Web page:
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Foster Care System Failing Youth with Special Needs

Thursday, March 3, 2011

New Westminster, B.C, March 3, 2011 – The BC Association for Community Living is shocked to hear of a youth with special needs who was abused while in foster care by a relief support worker who was given virtually no screening or background check. Despite clear and documented reports raising concerns, no action was taken to protect the child.

This appears to be yet another example of how children and youth with special needs in foster care are not being protected by the Ministry. BCACL is calling for an immediate and full inquiry to examine how this could have happened and also for the creation of a Task Force that includes representatives from BCACL and other experts in the field of disability to review cases of children and youth with special needs in foster care. The Task Force would establish practice standards, training requirements and systemic protocols to ensure that children and youth with special needs are safe and receiving good care. The fact that any child in need of protection suffers at the hands of the Ministry whose mandate is to protect them is unconscionable and unacceptable.

In November of last year BCACL responded to the disturbing story of a 14 year old girl with Down syndrome left alone for up to nine days with her dead mother. We expressed our concern to the Ministry that child protection issues having to do with children and youth with special needs are not taken seriously or followed through on. Little more than four months later we are faced with another extremely disturbing case of a youth with special needs suffering as a result of the inability of the child welfare system to respond.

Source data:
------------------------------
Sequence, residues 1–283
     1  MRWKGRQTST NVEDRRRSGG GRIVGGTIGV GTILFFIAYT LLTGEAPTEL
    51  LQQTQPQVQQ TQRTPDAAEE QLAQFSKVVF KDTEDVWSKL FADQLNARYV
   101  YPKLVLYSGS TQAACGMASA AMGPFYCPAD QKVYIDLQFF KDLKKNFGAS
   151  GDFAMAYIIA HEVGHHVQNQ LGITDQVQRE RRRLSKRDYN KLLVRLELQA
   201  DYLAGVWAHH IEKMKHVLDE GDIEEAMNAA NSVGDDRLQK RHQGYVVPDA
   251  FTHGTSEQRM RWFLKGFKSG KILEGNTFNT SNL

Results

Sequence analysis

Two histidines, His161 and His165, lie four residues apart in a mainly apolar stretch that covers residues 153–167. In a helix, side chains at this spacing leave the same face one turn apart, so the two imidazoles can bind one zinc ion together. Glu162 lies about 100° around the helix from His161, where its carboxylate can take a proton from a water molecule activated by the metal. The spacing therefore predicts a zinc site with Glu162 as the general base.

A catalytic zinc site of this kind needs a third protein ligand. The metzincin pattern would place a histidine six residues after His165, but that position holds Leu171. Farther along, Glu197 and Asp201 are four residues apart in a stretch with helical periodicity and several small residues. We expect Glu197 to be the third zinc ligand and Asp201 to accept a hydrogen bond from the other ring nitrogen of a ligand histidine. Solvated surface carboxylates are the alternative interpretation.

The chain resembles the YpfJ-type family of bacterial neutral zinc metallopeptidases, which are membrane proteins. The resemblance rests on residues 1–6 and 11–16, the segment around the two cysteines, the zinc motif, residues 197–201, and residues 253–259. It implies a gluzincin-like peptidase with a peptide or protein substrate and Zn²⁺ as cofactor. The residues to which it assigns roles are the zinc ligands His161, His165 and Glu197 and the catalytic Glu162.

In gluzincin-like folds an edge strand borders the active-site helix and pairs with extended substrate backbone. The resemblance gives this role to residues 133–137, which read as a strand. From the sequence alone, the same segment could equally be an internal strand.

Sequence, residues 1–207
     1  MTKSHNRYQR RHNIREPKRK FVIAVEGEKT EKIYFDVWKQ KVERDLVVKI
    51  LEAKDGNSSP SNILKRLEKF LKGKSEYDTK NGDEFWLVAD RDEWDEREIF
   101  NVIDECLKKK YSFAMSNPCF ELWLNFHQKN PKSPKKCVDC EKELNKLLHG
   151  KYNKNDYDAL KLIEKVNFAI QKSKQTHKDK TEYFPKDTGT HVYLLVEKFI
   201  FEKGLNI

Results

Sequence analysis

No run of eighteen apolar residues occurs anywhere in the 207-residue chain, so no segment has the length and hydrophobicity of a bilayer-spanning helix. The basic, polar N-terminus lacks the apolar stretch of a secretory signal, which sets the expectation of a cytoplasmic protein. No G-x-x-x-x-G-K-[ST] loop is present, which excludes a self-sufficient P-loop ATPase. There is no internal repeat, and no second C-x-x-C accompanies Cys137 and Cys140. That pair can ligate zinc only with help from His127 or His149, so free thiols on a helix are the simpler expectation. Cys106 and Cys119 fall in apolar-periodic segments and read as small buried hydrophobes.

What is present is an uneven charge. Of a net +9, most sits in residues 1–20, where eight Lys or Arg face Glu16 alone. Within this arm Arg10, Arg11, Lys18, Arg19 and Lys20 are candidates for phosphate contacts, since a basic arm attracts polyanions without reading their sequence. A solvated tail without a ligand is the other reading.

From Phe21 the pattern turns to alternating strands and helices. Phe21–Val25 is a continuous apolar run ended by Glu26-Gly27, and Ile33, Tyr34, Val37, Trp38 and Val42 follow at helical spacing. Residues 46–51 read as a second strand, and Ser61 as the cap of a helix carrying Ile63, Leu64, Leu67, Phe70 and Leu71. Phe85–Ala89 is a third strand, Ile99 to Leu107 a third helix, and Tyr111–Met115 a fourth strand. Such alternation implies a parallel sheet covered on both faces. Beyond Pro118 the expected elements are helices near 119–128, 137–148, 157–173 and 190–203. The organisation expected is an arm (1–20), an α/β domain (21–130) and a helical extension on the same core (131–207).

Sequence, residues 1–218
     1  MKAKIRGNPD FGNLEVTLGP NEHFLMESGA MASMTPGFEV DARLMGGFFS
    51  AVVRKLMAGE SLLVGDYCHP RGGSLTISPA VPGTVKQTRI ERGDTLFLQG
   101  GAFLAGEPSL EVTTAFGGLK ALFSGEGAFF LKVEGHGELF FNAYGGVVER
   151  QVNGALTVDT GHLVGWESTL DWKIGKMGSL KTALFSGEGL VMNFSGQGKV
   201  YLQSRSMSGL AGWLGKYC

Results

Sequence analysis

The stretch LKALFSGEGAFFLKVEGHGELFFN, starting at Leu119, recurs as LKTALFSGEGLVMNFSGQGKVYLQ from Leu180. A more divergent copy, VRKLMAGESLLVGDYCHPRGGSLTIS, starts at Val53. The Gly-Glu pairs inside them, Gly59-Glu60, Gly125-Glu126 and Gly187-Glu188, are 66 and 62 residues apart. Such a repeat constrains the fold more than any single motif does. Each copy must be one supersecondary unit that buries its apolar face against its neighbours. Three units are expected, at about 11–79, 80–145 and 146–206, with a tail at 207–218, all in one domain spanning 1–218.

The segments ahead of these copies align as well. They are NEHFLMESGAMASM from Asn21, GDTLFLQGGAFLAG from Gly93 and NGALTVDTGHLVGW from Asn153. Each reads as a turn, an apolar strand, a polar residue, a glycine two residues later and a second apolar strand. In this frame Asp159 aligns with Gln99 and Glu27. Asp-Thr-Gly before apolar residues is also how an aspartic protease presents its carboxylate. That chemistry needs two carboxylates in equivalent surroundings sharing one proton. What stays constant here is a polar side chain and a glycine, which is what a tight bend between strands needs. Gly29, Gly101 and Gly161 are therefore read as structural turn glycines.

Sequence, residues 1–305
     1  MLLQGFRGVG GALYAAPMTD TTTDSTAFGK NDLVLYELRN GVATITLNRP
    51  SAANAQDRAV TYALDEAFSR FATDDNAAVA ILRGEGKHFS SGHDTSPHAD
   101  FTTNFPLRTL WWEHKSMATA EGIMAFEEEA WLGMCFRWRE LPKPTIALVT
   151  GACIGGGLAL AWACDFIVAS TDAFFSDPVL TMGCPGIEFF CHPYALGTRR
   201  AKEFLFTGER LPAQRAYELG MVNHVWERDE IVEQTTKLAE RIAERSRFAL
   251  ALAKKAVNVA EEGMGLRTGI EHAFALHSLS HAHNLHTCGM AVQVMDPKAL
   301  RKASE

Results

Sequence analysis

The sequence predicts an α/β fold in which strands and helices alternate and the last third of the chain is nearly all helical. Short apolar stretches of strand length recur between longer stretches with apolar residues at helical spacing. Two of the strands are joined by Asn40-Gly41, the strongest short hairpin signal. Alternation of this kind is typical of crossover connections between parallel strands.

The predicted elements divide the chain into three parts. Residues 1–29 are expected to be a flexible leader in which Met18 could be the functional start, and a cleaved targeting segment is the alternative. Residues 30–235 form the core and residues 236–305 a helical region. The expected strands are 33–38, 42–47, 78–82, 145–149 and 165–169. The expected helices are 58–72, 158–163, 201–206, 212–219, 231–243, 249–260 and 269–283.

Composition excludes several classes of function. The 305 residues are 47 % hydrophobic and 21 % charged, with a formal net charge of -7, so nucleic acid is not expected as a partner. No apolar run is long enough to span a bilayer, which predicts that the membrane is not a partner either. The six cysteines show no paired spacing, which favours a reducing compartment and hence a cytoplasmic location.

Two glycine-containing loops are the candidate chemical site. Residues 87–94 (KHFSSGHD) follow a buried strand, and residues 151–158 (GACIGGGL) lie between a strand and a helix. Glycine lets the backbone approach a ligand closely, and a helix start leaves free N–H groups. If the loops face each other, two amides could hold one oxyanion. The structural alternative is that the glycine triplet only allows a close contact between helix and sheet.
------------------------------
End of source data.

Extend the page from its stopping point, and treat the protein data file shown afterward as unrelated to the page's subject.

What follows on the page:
“Where there should be an increased level of safeguards and supports for children with special needs, we’re seeing the opposite,” says Faith Bodnar, BCACL Executive Director. “These children are falling through the cracks and the Ministry must be held accountable.”

Fred Ford, a well known advocate for people with disabilities and children who have experienced abuse, joins BCACL in the call for a focused review: “Young people with intellectual disabilities experience the highest rates of sexual abuse in our society. This care-giving situation called for the highest level of safeguards, yet it appears that even the most basic steps were absent. We need to understand how our system failed and we must correct it.”

The Ministry of Children and Family Development website acknowledges the need for a unique system of supports for children and youth with special needs in foster care, stating that foster parents must be “willing to be involved intensively with a child or youth with special needs.” Despite this rhetoric, the Ministry paid a foster parent who did not live in the home with the youth. In fact, Ministry officials stated in a report that the “unconventional” sub-contracting agreement (in which the foster parent did not live at the residence) “appears to be working.”

A Task Force within the Ministry of Children and Family Development would develop long-term directives to ensure that Ministry workers have the expertise and specialized knowledge needed to support children with special needs in the foster care system, preventing this from happening again.

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Read the Province article here: